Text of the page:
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Indian security agencies worried over the funds collected by Lashkar in middle East after 13 years of horrific 26/11

Latest intelligence reports have warned that JuD and its wing, Falah-e-Insaniyat Foundation, have stepped up activities in Punjab province of Pakistan by mobilising Lashkar-e-Tayyiba (LeT) and JuD cadres for collecting funds and recruiting cadres.

This comes despite pressure mounting on Islamabad in the last few months from the Financial Action Task Force (the global anti-terror financing watchdog) to crack down on JuD and its affiliates.

JuD is the parent organisation of Lashkar-e-Tayyiba that was responsible for the dastardly 26/11 strike in Mumbai in 2008.

A dossier prepared by security agencies said JuD and its affiliates like FIF are not only actively organising events under the garb of philanthropic activities but also spreading their global footprint for terror financing and logistical support against India.

A series of functions were organised in the last few months by senior LeT and JuD leaders, including a medical camp at Kamonki in Gujranwala on November 5, and other events seeking public donations for humanitarian aid for the approaching winters.

On November 12, Hafiz Abdul Rauf, chairman of FIF, delivered a sermon at JuD’s Markaz Al Qadsia in Lahore. On October 29, another event, titled Jamana fitn ke war, was addressed by Rauf and other senior JuD functionaries. LeT and JuD functionaries like Naveed ur Rehman Yazdani and senior leaders like Talibur Rehman, Abdul Gaffar and Abdul Gafoor are said to have attended these gatherings that drew crowds in thousands.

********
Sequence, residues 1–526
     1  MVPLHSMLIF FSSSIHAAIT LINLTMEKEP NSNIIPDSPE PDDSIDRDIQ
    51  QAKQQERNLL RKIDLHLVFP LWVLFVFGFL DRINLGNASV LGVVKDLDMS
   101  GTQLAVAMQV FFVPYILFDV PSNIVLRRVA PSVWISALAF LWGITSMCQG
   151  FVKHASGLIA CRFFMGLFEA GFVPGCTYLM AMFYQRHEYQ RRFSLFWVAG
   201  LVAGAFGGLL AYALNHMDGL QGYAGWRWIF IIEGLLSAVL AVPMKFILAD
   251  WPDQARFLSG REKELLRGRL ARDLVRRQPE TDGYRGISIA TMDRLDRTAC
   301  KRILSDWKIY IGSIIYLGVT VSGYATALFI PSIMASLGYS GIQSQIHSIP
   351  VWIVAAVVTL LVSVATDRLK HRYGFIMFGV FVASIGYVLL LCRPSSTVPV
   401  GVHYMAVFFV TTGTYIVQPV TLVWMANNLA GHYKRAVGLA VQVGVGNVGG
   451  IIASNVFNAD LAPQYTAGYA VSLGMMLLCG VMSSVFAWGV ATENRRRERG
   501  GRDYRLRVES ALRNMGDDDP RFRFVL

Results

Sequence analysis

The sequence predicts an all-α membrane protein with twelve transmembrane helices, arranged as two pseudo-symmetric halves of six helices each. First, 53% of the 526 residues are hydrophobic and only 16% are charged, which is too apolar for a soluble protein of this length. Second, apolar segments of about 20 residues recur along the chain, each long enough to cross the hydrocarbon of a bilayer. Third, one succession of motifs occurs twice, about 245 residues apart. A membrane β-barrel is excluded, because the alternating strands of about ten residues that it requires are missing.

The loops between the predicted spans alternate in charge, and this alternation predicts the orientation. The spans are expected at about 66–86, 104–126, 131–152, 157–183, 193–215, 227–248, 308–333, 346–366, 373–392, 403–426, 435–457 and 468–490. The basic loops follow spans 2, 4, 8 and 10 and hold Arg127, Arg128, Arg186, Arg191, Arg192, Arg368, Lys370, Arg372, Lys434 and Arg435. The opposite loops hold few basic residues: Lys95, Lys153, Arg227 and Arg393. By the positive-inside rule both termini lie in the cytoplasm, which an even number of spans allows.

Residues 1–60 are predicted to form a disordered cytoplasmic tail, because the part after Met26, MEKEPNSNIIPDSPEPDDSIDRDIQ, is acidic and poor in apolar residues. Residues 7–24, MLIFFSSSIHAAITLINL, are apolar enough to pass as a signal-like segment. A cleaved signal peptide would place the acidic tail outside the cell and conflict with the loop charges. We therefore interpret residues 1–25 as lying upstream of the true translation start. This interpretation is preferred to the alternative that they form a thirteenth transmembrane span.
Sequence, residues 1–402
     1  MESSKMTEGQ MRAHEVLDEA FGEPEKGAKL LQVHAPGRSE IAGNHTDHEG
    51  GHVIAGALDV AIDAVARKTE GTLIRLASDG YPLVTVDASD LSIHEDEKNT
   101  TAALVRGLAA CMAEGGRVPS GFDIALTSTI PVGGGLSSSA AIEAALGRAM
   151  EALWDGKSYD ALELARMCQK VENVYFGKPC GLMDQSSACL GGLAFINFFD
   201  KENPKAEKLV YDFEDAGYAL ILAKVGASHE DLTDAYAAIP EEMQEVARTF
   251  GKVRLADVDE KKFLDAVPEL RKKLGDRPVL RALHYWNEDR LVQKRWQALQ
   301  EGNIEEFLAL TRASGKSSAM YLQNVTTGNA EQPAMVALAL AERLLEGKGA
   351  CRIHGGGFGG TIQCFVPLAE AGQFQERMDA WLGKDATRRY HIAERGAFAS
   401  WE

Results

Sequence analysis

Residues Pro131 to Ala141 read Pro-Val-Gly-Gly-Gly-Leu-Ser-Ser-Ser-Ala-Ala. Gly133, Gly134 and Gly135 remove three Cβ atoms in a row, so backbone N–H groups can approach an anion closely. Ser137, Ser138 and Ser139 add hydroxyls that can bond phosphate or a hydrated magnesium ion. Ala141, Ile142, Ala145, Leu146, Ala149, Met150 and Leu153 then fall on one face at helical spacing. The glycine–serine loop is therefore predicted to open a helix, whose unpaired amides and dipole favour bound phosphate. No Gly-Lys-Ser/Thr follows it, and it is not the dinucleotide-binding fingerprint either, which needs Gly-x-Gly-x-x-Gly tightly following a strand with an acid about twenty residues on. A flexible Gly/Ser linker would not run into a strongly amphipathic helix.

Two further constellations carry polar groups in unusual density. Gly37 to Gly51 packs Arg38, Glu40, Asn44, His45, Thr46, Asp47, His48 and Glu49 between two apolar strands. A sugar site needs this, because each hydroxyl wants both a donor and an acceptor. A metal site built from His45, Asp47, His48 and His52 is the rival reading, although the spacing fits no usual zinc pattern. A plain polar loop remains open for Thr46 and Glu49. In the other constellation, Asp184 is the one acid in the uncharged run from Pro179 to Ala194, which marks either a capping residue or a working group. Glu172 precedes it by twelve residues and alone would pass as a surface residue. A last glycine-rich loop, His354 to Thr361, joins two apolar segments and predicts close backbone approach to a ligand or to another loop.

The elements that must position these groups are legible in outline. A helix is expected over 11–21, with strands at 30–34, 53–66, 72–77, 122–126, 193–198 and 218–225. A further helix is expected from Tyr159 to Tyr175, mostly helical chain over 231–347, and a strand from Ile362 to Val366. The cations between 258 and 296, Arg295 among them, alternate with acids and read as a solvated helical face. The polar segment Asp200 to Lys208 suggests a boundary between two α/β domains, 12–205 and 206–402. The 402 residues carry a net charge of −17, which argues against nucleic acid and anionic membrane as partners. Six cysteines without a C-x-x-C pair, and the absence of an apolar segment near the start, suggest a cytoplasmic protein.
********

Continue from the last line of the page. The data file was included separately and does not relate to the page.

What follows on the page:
In the past, Saeed has been using these platforms to propagate anti-India rhetoric, especially targeting Kashmir.

According to intelligence reports, LeT has been joining hands with other terror outfits to form global rings. One such example is its attempt to raise the plight of Rohingyas, besides supporting Khalistani extremism.

The global rings are under the tutelage of Saeed and Abdul Rehman Makki, said a security official.

The footprints of LeT have been observed in the Middle East and Europe where it is using its networks to raise funds for the group’s militant and humanitarian activities.

The arrest of Muhammad Usman Muhammad Ayub, an LeT terrorist who was a Pakistani, from Malaysia on October 25, 2018, indicated the global outreach of LeT. The group was using Southeast Asian countries as a base to carry out financial transactions and get logistical support and for tapping new recruits.

A year later, another Pakistani national was detained in South Korea on suspicion of being an active cadre of LeT while another operative was arrested in February 2019 in the US while travelling to Pakistan to join LeT.

LeT was banned as a terrorist organisation by India in 2002. The US banned it on December 26, 2001; UK on March 30, 2001, while United Nations proscribed it on May 2, 2005, with amendments in subsequent years. The UN also proscribed Hafiz Mohammed Saeed and his aide Zaki-ur-Rehman Lakhvi on December 10, 2008.

In 2012, the US offered a $10 million bounty for Hafiz Saeed and listed Makki as a specially designated national and offered a bounty of $2 million.

Incidentally, JuD and FIF were proscribed by Pakistan’s interior ministry in 2019.

The move came after Islamabad drew up its national action plan to counter terror activities and promised action against individuals and organisations listed by the UN Security Council as terrorists.

Jasveer Singh

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